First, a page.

Your next complaint has to do with the illogical nature of the proceedings of the night of June 9. First, you envision a nutty scenario—"if you were going to torture prisoners to the point of death in interrogations, would you really draw three prisoners from the same cell block, inside the same hour, for that punishment"—and then you knock it down by noting how nutty it is. Perhaps it is nutty. But that scenario is your own invention.
It is worth noting that Human Rights First and others have reported many cases in which prisoners have died in connection with the use of Justice Department-sanctioned "harsh interrogation techniques." Last summer, General Barry McCaffrey expressed this quite forthrightly. "We tortured people unmercifully," he said. "We probably murdered dozens of them during the course of that, both the armed forces and the C.I.A." So the phenomenon is hardly unknown.
Nonetheless, and contrary to your implication, Scott does not advance a clear theory as to how the deaths occurred. He questions the validity of the official government narrative, and he points to significant new evidence that suggests that the deaths occurred at another location and in other circumstances. But too few facts are available to say for certain what happened that night, which is precisely why Scott does not attempt to do so.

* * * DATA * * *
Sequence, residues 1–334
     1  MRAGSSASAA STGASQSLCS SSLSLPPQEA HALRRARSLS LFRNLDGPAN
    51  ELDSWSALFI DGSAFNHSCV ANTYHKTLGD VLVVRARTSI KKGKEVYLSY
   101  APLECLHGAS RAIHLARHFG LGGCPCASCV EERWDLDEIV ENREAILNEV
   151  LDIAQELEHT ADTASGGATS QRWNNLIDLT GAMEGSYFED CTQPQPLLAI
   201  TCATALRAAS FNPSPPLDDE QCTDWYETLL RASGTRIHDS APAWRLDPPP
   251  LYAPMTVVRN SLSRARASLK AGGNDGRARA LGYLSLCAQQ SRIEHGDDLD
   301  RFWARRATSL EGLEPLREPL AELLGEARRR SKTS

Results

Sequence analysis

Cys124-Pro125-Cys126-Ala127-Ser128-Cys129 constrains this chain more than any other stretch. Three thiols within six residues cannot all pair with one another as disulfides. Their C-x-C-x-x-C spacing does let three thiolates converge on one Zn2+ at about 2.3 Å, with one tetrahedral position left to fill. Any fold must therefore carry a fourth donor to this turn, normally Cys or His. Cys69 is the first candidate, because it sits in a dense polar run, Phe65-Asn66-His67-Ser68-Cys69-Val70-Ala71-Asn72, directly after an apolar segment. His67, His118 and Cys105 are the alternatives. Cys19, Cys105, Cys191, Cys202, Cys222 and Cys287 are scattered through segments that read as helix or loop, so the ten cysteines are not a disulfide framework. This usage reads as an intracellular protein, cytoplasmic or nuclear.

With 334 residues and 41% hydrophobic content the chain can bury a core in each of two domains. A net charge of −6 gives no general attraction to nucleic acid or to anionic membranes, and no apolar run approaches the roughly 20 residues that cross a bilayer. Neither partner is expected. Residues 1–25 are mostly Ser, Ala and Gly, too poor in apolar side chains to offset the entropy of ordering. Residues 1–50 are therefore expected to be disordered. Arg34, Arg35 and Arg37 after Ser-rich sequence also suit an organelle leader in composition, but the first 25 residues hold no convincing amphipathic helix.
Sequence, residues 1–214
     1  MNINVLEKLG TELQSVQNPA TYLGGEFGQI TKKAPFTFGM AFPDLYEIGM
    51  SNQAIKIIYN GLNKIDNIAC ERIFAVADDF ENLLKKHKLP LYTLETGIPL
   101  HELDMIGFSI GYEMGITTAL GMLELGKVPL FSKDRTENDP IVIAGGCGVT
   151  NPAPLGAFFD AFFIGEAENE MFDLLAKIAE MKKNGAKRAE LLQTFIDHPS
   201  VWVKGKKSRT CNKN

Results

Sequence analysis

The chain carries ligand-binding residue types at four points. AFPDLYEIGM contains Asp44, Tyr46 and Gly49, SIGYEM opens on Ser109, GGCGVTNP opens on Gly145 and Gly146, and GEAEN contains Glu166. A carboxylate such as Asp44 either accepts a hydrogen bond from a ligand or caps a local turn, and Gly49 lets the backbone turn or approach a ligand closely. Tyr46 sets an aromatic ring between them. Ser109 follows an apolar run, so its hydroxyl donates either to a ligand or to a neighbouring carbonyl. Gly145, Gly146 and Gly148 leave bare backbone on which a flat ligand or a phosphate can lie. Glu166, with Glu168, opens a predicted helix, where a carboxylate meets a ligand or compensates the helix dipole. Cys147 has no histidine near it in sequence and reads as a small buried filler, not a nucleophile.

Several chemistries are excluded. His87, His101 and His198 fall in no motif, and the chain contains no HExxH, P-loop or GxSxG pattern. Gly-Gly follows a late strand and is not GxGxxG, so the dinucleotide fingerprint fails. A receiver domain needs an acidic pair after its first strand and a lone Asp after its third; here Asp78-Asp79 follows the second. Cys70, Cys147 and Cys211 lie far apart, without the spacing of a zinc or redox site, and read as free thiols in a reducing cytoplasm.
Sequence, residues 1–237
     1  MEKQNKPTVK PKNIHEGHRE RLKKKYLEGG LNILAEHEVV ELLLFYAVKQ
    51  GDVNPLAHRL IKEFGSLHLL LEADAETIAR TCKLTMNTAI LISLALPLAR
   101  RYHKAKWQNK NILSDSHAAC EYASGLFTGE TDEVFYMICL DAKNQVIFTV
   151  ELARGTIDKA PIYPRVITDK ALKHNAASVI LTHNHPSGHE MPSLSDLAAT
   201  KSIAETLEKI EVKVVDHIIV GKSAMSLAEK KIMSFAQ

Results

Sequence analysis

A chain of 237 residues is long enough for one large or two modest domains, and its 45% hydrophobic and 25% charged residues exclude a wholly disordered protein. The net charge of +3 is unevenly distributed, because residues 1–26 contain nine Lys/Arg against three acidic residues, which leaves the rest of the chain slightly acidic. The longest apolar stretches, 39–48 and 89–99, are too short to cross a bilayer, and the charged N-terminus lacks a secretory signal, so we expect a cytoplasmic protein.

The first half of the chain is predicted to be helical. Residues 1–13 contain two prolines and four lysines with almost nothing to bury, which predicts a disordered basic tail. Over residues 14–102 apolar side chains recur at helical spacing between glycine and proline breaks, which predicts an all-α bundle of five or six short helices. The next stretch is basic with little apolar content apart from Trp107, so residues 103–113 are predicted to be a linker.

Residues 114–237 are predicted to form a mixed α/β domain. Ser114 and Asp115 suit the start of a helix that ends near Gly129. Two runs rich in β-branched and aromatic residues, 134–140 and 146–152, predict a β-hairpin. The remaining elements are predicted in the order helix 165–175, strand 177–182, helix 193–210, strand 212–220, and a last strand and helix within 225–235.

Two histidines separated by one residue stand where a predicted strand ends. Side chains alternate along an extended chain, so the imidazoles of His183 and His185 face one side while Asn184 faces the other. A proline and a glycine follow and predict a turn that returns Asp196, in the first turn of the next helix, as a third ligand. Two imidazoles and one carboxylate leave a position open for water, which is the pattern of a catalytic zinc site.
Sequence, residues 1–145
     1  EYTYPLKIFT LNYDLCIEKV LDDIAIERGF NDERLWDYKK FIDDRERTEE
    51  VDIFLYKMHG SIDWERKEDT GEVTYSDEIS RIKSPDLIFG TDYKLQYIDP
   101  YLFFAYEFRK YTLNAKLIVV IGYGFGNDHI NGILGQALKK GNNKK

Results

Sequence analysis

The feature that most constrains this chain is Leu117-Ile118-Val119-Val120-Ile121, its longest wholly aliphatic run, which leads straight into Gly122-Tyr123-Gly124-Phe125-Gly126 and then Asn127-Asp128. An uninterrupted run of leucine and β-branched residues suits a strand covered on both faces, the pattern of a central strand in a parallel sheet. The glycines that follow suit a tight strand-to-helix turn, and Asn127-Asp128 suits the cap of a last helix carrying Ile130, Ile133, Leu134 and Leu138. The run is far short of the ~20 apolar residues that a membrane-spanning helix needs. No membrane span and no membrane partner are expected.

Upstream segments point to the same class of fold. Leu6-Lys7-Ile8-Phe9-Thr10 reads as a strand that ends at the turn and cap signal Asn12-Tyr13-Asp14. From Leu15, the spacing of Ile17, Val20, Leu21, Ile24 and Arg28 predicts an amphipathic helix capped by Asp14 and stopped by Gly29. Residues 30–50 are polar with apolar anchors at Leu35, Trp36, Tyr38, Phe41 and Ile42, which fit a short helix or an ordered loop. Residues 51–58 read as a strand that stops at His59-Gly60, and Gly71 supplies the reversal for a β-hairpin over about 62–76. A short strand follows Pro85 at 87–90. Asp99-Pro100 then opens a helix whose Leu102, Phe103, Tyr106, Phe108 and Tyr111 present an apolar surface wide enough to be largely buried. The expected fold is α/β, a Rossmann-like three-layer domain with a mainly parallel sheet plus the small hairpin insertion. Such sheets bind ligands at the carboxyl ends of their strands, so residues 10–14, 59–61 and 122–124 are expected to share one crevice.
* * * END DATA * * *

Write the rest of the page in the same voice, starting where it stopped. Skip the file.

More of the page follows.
Your next complaint brings your larger concern into focus. You suggest that, even if "the CIA is capable of such a crime," readers should not be asked to believe that "the entire U.S. government—across two administrations—is willing to devote its energies to a cover-up." And with that suggestion—again drawn entirely from your own imagination—we have reached the dread conspiracy moment. I say dread because calling a news report a conspiracy theory is the press critic's version of comparing a politician to Hitler. It's less than a straw man. It's not even an argument, and so it is nearly impossible to refute.
Still, let's be clear: Scott has not posited a grand conspiracy. What he has reported is that there is strong evidence to suggest that some—perhaps even many—government officials are not telling the truth about what happened on June 9, 2006. Now perhaps your life experience has taught you that it's just la-la crazy to think government officials would ever lie about anything. But I hope you can at least recognize that there is some precedent for an alternative view.